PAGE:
I gave up reading women’s magazines when I moved to the UK for my PhD. I had to think more carefully about how to spend my money and decided on Waitrose Food Illustrated and Private Eye (I like to think of myself as well-rounded). I felt all the better for not having my various ‘imperfections’ pointed out to me monthly by the eternally chipper editorial staff of Marie Claire.

And that’s the invidious thing about women’s magazines: for all their guff about being aimed at ‘spirited‘ and ‘fearless’ women, these magazines peddle a deeply conservative vision of femininity: in their articles about balancing relationships with work, embracing physical ‘imperfections’ and ‘flaws’, eating ‘healthily’ (or not at all), and conforming to whatever’s fashionable that season, their implication is that the majority of their readers are not actually succeeding as women – that having a well-paying job is abnormal, that being fat (or even just not stick thin) is wrong, that women shouldn’t really enjoy sex, and not wearing or owning what’s fashionable is reprehensible. This is why women need to read Elle, Glamour, and, Lord help us, Cosmopolitan in order to become ‘normal’.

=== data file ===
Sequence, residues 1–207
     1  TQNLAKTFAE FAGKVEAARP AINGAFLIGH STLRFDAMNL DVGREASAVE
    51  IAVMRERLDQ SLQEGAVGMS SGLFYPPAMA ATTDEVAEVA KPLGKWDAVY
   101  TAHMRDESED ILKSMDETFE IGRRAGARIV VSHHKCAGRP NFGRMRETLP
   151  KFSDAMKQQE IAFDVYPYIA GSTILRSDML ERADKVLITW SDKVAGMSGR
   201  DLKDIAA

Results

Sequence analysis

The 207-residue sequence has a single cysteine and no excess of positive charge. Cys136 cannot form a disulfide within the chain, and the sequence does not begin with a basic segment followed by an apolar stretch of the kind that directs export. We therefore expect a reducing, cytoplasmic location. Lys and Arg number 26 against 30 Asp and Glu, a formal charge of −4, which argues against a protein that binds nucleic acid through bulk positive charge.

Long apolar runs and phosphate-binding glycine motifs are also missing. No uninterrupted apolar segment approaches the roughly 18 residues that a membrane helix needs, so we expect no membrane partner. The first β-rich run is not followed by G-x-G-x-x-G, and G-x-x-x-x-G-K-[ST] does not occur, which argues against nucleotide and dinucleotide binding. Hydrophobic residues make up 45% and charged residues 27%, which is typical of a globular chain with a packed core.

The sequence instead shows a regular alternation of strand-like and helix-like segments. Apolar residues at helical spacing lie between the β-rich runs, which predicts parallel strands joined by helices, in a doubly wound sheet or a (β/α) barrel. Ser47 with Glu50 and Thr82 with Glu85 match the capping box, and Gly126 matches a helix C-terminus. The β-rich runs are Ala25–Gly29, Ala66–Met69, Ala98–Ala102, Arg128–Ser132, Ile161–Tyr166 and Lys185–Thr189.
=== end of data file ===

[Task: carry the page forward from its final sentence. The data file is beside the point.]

Doing research for this post this morning – thank you Melissa’s in Kloof Street for having such an excellent selection of magazines – I choked on my muesli as I read an article in Glamour advising its readers how to be ‘good at sex’, complete with a ‘confession’ from a reader who was, apparently, ‘bad’ as sex. How? How is it possible to be ‘bad’ at sex? Did the wrong bit end up in the wrong hole? Or what?